King's Lynn's History - In all likelihood at first a Celtic community, and certainly later an Saxon village it was stated just as Lun in the Domesday Book of 1086, and controlled by Bishop Almer of Elmham. The town was only called King's Lynn during the 16th century, and had initially been named Bishop's Lynn (and only Lynn prior to that), the Bishop's aspect of the name was allocated because it was once governed by a Bishop, who founded a Benedictine priory there in the late eleventh century, and it was the Bishop who initially allowed the town the charter to hold a weekly street market in 1101. It was also at roughly this period that the first Church of St Margaret was constructed.

The town gradually developed into a significant trading hub and port, with goods like grain, wool and salt exported by way of the port. By the 14th century, it was among the key ports in Britain and sizeable amount of business was done with the Hanseatic League (Germanic and Baltic traders), and the Hanseatic Warehouse being constructed for them in the late 15th C.

The town experienced two significant disasters in the fourteenth century, firstly in the shape of a great fire which destroyed a lot of the town, and secondly by way of the Black Death, a horrific plague which claimed the lives of approximately half of the population of the town during the time period 1348-49. In 1537, during the rule of Henry 8th, the town was taken over by the king instead of a bishop and was as a result referred to as King's Lynn, one year after this Henry also shut down the Benedictine Priory as part of his Dissolution of the Monasteries (1536 to 1541).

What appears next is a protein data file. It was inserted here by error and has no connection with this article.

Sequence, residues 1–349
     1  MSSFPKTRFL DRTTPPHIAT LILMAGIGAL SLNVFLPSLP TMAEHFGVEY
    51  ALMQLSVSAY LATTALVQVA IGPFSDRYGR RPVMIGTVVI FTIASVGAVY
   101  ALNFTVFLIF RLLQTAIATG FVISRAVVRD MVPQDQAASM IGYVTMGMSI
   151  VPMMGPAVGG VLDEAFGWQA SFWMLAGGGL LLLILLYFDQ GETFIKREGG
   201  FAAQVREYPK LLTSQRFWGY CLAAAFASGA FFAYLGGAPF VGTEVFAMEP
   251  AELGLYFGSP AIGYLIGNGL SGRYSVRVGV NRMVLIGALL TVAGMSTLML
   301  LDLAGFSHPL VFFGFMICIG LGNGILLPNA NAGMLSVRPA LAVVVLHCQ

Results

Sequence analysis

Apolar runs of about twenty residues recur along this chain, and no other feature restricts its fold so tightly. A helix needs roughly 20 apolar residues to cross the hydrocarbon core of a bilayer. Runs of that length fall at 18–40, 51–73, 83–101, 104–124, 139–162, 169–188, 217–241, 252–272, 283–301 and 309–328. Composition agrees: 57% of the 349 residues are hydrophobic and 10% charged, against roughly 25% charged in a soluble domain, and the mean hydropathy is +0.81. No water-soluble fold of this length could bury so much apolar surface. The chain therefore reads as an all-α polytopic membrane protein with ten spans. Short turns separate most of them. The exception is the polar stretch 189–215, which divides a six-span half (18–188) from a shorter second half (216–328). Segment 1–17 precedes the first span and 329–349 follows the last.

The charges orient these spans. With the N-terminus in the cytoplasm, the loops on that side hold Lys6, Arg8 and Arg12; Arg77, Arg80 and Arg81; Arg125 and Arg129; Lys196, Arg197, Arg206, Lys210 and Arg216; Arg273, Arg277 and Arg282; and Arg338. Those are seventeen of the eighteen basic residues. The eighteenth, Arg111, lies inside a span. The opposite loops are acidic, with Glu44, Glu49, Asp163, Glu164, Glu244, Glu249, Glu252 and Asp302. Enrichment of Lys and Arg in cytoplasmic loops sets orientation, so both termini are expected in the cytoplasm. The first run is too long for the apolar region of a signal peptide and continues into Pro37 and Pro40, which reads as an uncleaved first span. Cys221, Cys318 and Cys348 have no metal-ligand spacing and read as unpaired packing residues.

Through the English Civil War (1642 to 1651), the town essentially joined both sides, at the outset it followed parliament, but later swapped allegiance and was consequently seized by Parliamentarians when it was beseiged for three weeks. In the following 2 centuries the town's significance as a port waned following the decline of the wool exporting industry, whilst it did continue dispatching grain and importing iron, pitch and timber to a lesser degree. King's Lynn also affected by the growth of west coast ports like Bristol and Liverpool, which boomed following the Americas were discovered.

The Lattice House Inn, King's Lynn - - 1589499Clearly there was still a considerable coastal and local trade to help keep the port working throughout these times and later on the town flourished all over again with increasing shipments of wine coming from France, Spain and Portugal. Additionally the export of farmed produce grew following the draining of the fens in the Mid-17th Century, what's more, it developed a crucial shipbuilding industry. The railway came to the town in 1847, driving more prosperity, visitors and trade to the town. The populace of King's Lynn grew enormously in the 60's as it became a London overflow town.

The town can be entered by way of the A10, the A149 and the A17, it is about 38 miles from the city of Norwich and ninety four miles from The city of london. King's Lynn can also be got to by rail, the nearest airport to King's Lynn is Norwich International (driving distance - 46 miles) a drive of about an hour.